All students must meet the Requirements for the Master's Degree
The Department of Mathematics and Statistics offers programs towards the Master of Science (the Mathematics M.S. degree). Students are encouraged to take courses in both core mathematics and applied mathematics, thereby gaining an appreciation of the connections between theory and applications. Each student declares a major subject, which may be algebra, analysis, applied mathematics, or discrete mathematics. Within this major, the student may pursue either course work or a thesis.
Opportunities for research arise from the research interests of the Department faculty, which include analysis, algebra, biomathematics, combinatorics, complex systems, computational social science, differential equations, fluid mechanics, graph theory, mathematics education, modeling, network science, and number theory.
See the Department of Mathematics and Statistics website for further details. The department also offers the Ph.D. in Mathematical Sciences.
Requirements for Admission to Graduate Studies for the Degree of Master of Science
Because of the breadth of pure and applied mathematics, it is recognized that applicants for admission will have diverse backgrounds. Admission requirements are therefore flexible. Applicants should have demonstrated strength in either core or applied mathematics, a bachelor's degree with a major in mathematics or a closely related discipline, and satisfactory scores on the general section of the Graduate Record Examination.
Minimum Degree Requirements for the Degree of Master of Science
Each student must complete one of the following options:
|OPTION A (THESIS):|
|Twenty-four semester hours of acceptable graduate credits in advanced mathematics courses; and six semester hours of thesis research culminating in a master's thesis.||30|
|OPTION B (NON-THESIS):|
|Thirty semester hours of acceptable graduate credits in advanced mathematics courses. No thesis required.||30|
|Under either option, students must take, or acquire the knowledge of the content in, the courses MATH 331 and MATH 333, and must satisfactorily complete at least four 300-level mathematics courses.|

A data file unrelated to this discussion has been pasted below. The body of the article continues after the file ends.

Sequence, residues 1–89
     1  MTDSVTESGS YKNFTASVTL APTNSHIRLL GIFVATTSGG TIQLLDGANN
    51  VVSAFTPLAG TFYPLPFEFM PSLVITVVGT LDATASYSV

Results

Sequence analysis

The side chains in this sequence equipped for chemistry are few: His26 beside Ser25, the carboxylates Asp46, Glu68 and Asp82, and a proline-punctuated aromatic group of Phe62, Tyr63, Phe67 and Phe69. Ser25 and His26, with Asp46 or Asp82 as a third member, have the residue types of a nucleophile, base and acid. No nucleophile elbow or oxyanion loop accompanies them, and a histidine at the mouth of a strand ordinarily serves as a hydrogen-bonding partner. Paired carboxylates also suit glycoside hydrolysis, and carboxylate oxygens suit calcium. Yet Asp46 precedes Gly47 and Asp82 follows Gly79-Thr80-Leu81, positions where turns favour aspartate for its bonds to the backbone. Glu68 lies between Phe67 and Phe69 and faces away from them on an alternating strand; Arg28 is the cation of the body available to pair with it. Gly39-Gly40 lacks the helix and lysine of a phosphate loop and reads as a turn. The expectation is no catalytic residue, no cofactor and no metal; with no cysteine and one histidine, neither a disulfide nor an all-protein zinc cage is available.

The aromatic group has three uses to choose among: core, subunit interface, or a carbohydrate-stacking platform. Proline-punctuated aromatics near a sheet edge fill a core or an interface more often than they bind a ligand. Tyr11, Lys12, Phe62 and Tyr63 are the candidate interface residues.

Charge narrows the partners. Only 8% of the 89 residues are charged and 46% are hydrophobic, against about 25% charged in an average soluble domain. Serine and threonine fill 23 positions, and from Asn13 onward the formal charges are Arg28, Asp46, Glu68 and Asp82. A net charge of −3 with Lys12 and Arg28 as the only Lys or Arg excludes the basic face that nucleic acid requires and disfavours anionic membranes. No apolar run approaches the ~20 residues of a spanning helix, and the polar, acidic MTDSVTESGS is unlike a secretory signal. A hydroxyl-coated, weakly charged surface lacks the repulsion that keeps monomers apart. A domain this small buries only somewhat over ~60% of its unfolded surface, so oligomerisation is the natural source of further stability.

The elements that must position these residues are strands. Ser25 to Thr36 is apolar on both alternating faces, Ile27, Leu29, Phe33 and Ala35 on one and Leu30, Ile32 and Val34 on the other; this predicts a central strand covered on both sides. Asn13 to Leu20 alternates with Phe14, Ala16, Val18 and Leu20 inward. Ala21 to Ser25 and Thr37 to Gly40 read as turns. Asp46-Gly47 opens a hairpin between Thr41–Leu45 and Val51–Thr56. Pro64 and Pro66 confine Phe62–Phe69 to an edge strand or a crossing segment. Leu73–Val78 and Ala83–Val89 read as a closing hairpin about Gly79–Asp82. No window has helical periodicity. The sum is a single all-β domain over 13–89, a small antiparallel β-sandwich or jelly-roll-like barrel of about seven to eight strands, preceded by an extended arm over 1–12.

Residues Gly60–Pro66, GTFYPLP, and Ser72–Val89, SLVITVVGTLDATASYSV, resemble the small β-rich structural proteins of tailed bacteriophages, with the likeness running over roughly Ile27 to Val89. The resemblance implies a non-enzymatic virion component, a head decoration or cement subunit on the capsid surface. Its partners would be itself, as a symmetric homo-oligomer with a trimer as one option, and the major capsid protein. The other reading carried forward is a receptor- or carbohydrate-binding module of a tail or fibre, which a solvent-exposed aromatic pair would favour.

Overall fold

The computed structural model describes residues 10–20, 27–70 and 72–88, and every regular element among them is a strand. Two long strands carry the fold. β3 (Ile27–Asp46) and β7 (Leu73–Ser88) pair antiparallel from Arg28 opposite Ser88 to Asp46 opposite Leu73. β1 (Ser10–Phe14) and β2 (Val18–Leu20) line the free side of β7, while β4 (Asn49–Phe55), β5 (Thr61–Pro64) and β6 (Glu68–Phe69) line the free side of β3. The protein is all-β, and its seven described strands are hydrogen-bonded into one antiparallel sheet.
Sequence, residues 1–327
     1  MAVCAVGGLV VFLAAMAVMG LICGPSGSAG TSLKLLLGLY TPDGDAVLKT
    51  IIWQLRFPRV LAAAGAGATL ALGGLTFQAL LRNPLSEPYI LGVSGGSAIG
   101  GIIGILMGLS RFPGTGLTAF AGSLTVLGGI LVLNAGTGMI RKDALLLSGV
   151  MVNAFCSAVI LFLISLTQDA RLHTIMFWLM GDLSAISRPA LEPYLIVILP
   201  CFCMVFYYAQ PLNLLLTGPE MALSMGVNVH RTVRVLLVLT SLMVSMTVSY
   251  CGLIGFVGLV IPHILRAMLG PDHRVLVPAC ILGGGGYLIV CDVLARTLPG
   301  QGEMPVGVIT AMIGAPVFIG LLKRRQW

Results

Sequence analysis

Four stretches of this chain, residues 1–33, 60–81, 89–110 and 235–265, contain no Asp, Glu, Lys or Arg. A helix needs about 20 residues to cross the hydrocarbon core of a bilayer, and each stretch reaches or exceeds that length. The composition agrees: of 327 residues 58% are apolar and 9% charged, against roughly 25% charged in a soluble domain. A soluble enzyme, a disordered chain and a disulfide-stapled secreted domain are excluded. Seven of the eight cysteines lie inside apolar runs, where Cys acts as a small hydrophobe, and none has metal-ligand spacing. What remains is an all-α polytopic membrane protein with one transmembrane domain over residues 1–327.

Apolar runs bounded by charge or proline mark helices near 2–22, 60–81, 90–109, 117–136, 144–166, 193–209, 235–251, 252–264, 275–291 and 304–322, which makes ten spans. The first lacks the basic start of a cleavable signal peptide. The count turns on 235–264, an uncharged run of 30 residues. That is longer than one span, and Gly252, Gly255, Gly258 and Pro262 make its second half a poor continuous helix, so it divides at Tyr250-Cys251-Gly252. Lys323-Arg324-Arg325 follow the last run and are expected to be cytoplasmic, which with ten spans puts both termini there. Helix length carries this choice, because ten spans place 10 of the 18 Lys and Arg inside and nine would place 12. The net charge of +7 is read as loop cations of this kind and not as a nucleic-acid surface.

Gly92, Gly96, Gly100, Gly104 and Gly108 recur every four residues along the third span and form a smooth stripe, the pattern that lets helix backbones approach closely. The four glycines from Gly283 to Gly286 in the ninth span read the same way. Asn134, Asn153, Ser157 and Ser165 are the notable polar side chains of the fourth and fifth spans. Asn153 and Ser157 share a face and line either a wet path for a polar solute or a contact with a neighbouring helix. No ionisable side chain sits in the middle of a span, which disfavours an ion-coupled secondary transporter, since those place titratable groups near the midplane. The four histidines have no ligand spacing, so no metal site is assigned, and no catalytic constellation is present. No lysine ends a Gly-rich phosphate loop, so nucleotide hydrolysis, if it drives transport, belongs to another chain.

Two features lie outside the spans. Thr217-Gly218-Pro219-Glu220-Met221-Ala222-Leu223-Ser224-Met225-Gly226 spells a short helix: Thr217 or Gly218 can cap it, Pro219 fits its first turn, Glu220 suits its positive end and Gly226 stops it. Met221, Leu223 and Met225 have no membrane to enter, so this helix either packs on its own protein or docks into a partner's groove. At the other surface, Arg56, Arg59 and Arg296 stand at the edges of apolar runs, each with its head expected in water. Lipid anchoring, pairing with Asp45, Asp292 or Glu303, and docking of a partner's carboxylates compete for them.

|In both options, students must select a major concentration from among the following areas: Analysis, Algebra, Applied Mathematics, or Discrete Mathematics. The concentration shall consist of at least nine approved credits in advanced mathematics courses in the respective area, three of which must be at the 300-level; students writing a thesis may count the six hours of thesis credit toward these nine hours.|
|With approval of the student's advisor, up to six credits of courses outside mathematics may be used to fulfill the major, minor, or degree requirements.|
M.S. students must past two written exams, offered each August and January. Ph.D. students in our program take these exams as well, but with a higher criteria for passing. For example, M.S. students need to demonstrate proficiency in the material covered by MATH 241 & MATH 242, but not necessarily in material covered by MATH 331 & MATH 333 (which Ph.D. students must do).
For example, a student taking MATH 241 & MATH 242 in their first year could sit for the analysis exam in August before their second year begins, with a second opportunity in January before their final semester.
All M.S. students need to take the real/complex analysis exam. For non-thesis students, the second exam can be in any of these areas: algebra, numerical analysis, differential equations, complex systems. For thesis students, a successful M.S. thesis defense will satisfies the second exam.
Requirements for Advancement to Candidacy for the Degree of Master of Science
The requirements for advancement to candidacy are the completion of any prerequisites noted when the student was admitted.